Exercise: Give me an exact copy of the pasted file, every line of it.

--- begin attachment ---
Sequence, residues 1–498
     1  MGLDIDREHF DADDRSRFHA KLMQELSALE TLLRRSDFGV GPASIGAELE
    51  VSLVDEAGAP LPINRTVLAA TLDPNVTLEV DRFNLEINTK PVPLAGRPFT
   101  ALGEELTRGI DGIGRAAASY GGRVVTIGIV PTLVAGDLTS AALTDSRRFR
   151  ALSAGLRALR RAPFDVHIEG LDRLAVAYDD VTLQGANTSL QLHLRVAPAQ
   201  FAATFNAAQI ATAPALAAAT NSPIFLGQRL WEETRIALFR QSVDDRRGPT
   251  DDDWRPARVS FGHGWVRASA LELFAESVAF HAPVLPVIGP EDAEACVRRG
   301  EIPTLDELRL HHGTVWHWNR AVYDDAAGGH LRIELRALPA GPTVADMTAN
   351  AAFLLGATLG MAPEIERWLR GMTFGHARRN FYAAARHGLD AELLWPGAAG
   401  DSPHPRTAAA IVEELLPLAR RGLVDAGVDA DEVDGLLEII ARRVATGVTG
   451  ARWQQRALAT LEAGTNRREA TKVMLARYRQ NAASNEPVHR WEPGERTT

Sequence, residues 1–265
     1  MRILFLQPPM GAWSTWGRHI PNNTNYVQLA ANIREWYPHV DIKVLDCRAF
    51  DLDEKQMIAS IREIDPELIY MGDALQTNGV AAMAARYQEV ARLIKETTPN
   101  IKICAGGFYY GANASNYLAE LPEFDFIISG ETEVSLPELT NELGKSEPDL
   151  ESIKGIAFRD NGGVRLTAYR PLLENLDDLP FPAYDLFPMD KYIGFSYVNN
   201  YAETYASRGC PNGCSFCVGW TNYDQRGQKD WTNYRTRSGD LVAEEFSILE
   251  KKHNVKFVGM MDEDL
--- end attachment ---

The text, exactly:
Sequence, residues 1–498
     1  MGLDIDREHF DADDRSRFHA KLMQELSALE TLLRRSDFGV GPASIGAELE
    51  VSLVDEAGAP LPINRTVLAA TLDPNVTLEV DRFNLEINTK PVPLAGRPFT
   101  ALGEELTRGI DGIGRAAASY GGRVVTIGIV PTLVAGDLTS AALTDSRRFR
   151  ALSAGLRALR RAPFDVHIEG LDRLAVAYDD VTLQGANTSL QLHLRVAPAQ
   201  FAATFNAAQI ATAPALAAAT NSPIFLGQRL WEETRIALFR QSVDDRRGPT
   251  DDDWRPARVS FGHGWVRASA LELFAESVAF HAPVLPVIGP EDAEACVRRG
   301  EIPTLDELRL HHGTVWHWNR AVYDDAAGGH LRIELRALPA GPTVADMTAN
   351  AAFLLGATLG MAPEIERWLR GMTFGHARRN FYAAARHGLD AELLWPGAAG
   401  DSPHPRTAAA IVEELLPLAR RGLVDAGVDA DEVDGLLEII ARRVATGVTG
   451  ARWQQRALAT LEAGTNRREA TKVMLARYRQ NAASNEPVHR WEPGERTT

Sequence, residues 1–265
     1  MRILFLQPPM GAWSTWGRHI PNNTNYVQLA ANIREWYPHV DIKVLDCRAF
    51  DLDEKQMIAS IREIDPELIY MGDALQTNGV AAMAARYQEV ARLIKETTPN
   101  IKICAGGFYY GANASNYLAE LPEFDFIISG ETEVSLPELT NELGKSEPDL
   151  ESIKGIAFRD NGGVRLTAYR PLLENLDDLP FPAYDLFPMD KYIGFSYVNN
   201  YAETYASRGC PNGCSFCVGW TNYDQRGQKD WTNYRTRSGD LVAEEFSILE
   251  KKHNVKFVGM MDEDL